Tunku Abdul Rahman’s Enduring Legacy in Foreign Affairs

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Tunku Abdul Rahman’s Enduring Legacy in Foreign Affairs

Malaysia’s first prime minister fell short of realizing his domestic vision, the impacts of his diplomacy are still being felt today.

Tunku Abdul Rahman’s Enduring Legacy in Foreign Affairs

Malaysian Prime Minister Tunku Abdul Rahman arrives on a state visit to The Hague, Netherlands, November 25, 1960.

Credit: Harry Pot/Anefo

Had he lived, Tunku Abdul Rahman Putra Alhaj, Malaysia’s founding leader, would have turned 121 years old on February 8. He was born in 1903 in Alor Star, a town in Kedah State, which he chose as his final resting place, unlike many other Malaysian prime ministers, including his successor Tun Razak Hussein.

The Tunku was the first prime minister of Malaya, serving from 1957 to 1970. During his time in office, he embraced multiculturalism and racial diversity and positioned himself as a leader for all races. However, his easy-going style and penchant for horse racing, golf, soccer, and mahjong did not sit well with conservative Malay politicians who schemed to remove him as the leader of the United Malays National Organization (UMNO), and eventually as premier.

The coup against him gathered steam soon after the racial riots of May 13, 1969, which cost hundreds of lives of both ethnic Malays and Chinese and led to the establishment of the National Operations Council under Tun Razak, which eclipsed and undermined the Tunku’s power as major decisions were no longer made in the PM’s office.

The rest is history.

The Tunku is the most misunderstood and maligned politician in the history of UMNO, the political party that he led after Onn Jaafar, another forgotten Malay hero who fought for independence and was known for promoting racial justice. Both failed to make Malaya a melting pot of races, creeds, and ideologies. In his short stint as foreign minister, Onn Jaafar helped lay the foundation of Malaya’s (and later Malaysia’s) external relations with the help of civil servants like Ghazali Shafei, the first permanent secretary of the Ministry of Foreign Affairs. Many other qualified civil servants and community leaders were tapped during this time to serve as ambassadors and high commissioners.

A Cambridge-educated lawyer, the Tunku steered Malaya, and after 1965, the Federation of Malaysia, through some of the most difficult times in the country and the region. Many consider his foreign policies as staunchly pro-British, attributed to his long days as a student in the United Kingdom, where he also developed an acute understanding of geopolitics. For example, as soon as Malaya gained its independence in 1957, he sought membership in the British Commonwealth, justifying it on the grounds that “it would be to the benefit of the Federation” because the Commonwealth comprised other “nations of many races and creeds, but with common concepts of democratic government, administration and justice.”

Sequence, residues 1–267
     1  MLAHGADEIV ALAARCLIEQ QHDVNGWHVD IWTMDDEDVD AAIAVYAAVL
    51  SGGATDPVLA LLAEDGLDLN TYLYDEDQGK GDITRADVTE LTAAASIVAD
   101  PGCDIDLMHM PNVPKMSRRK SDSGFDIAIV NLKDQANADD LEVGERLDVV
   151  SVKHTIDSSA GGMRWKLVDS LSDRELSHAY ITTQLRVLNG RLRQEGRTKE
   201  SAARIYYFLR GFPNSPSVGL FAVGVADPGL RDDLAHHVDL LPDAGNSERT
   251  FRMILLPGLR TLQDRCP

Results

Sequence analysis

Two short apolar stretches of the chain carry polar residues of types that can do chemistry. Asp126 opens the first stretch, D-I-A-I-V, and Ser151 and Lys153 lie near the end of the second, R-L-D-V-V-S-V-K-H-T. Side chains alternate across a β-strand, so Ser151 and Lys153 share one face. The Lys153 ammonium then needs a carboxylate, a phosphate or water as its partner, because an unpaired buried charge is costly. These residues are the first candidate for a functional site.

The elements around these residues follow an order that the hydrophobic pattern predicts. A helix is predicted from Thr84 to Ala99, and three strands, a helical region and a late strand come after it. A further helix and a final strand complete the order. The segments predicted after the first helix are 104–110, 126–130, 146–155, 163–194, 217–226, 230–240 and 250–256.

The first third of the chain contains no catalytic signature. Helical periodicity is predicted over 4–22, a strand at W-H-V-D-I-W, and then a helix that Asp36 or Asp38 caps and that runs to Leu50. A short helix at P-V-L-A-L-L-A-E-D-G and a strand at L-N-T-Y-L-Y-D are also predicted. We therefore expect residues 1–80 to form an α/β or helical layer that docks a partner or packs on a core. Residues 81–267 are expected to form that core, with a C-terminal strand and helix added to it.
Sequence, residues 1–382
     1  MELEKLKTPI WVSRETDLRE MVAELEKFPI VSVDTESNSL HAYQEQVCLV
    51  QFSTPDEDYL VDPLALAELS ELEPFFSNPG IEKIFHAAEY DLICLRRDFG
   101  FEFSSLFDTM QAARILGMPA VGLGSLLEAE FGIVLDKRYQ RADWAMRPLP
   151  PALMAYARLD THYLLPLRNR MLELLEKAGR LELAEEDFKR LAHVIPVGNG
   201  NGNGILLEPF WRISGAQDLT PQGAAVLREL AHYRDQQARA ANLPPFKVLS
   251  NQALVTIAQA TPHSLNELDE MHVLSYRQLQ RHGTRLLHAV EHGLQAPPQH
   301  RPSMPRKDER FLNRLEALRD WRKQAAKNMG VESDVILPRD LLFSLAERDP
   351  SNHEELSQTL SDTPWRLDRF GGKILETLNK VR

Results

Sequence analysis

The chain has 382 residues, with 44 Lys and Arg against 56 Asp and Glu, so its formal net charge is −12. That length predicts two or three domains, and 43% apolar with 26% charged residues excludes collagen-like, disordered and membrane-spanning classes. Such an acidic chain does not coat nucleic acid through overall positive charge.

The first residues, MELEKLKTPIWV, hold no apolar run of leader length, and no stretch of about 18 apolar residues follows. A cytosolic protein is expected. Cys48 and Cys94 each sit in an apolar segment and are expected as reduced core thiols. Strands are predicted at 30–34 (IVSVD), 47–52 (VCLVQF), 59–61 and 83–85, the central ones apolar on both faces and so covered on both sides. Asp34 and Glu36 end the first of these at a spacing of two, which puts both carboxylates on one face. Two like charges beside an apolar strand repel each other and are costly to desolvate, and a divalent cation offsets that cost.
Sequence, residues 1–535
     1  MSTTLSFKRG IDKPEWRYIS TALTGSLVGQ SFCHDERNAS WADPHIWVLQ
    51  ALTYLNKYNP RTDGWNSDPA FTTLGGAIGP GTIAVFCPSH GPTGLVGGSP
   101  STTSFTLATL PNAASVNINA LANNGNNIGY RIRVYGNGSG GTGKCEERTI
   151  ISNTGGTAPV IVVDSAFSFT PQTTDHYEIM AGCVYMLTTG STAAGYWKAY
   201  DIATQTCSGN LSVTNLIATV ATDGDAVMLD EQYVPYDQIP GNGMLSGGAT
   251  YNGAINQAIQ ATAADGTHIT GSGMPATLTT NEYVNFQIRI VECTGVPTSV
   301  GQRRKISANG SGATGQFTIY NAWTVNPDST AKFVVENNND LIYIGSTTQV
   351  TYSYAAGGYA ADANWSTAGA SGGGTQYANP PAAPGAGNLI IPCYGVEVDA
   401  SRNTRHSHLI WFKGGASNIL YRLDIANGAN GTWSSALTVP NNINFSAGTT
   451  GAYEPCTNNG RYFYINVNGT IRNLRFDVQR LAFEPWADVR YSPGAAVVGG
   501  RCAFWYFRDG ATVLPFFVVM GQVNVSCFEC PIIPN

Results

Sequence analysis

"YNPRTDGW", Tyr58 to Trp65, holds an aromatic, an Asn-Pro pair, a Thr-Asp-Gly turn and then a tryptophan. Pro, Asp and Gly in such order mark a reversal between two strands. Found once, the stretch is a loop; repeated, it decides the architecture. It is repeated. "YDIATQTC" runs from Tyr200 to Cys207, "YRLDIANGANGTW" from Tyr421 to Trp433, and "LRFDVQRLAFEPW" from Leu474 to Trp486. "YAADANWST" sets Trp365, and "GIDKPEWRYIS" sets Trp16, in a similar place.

The Tunku also embraced the ideals behind the United Nations. Three years after attaining independence, the Tunku sent a battalion of soldiers, including his only son, to serve under the U.N. flag as peacekeepers to the Congo at the request of the U.N. secretary-general. Sending his son should be seen as a small personal contribution on his part among larger personal sacrifices. Tunku Abdul Rahman also sold land and houses inherited from his mother to help UMNO, as did his close colleagues from Kedah, Senu Abdul Rahman (the minister of information) and Khir Johari (the minister of education). All three died without amassing large property, unlike some UMNO leaders today.

In its early days, UMNO did not have a large political fund. Money for elections came mainly from party members. When he retired in 1970, the Tunku had no money to settle his income tax. Someone close to him confided to me he helped pass hats to collect money to pay the outstanding amount.

The Tunku also played a significant role in establishing the Association of Southeast Asian Nations (ASEAN) in 1967. Although the Bangkok Declaration carried the signature of his deputy Tun Razak and four other foreign ministers from Indonesia, the Philippines, Singapore, and Thailand, it was the Tunku who pushed hard for Malaysia to join. As a strong supporter of regionalism, the Tunku was also involved in the establishment of MAPHILINDO and the Association of Southeast Asia, two stillborn regional organizations that preceded ASEAN.